Under California law, support orders may be modified or terminated at any time, as the court deems necessary. The law further defines "support order" as including a child, family or spousal support order. These provisions apply to cases filed in family courts in San Diego and throughout the state. And court decisions interpreting the statutory language, in relation to the underlying facts and circumstances of a case, can impact the way future family court cases are decided. Families facing child support disputes are encouraged to contact an experienced family law attorney who is fully knowledgeable of the local and recent court decisions affecting a party's right to child support.
It is important to understand the complexity of child support laws and how they apply to adult versus minor children. While California law specifies that a parent's child support obligation typically extends until a child reaches the age of 19 or completes the 12th grade, parents may agree to provide additional support. The question then arises, does a court have the authority to modify such an agreed upon extension of support for an adult child?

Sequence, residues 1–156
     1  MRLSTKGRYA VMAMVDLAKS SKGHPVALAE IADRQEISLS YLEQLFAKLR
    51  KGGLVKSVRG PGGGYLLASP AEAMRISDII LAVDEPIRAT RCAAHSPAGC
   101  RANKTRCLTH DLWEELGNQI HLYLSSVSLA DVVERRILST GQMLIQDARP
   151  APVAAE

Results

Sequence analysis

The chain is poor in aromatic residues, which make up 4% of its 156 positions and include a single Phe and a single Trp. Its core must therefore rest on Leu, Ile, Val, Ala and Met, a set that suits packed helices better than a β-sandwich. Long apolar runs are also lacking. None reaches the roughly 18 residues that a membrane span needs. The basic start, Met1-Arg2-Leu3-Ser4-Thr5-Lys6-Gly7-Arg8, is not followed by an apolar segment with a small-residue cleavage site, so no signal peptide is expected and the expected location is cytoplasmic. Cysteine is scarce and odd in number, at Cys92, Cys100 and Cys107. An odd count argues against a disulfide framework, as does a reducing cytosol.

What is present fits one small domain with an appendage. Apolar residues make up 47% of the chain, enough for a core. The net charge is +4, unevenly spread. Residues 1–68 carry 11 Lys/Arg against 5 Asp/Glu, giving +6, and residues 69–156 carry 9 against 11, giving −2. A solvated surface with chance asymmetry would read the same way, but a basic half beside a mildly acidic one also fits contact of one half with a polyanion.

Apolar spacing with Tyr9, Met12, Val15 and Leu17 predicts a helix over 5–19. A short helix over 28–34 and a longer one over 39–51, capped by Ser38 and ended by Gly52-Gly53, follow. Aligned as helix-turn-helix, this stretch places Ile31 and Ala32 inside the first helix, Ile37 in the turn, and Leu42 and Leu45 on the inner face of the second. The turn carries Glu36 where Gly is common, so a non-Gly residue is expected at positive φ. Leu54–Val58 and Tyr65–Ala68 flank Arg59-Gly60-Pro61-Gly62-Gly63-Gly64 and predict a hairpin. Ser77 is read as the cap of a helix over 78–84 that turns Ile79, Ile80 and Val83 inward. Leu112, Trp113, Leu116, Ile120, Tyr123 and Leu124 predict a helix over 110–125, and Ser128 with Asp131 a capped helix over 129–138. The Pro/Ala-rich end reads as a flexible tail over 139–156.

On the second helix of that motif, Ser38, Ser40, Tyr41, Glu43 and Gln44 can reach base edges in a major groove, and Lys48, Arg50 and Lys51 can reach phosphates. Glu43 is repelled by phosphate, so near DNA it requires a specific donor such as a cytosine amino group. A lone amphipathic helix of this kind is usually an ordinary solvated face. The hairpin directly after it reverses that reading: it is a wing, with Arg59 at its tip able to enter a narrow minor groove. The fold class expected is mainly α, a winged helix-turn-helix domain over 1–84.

In a case of first impression in California, the court of appeals was asked to decide whether, under the state family code, parents may contractually limit the court's jurisdiction to modify an adult child support order that was made under the parents' marital settlement agreement. Here, the court looked at the interplay of two applicable family code statutes: section 3651 and section 3587. Section 3651 provides a court the authority to modify or terminate a support order - subject to section 3587, which gives a court the authority to approve a stipulated agreement by the parents to pay for the support of an adult child.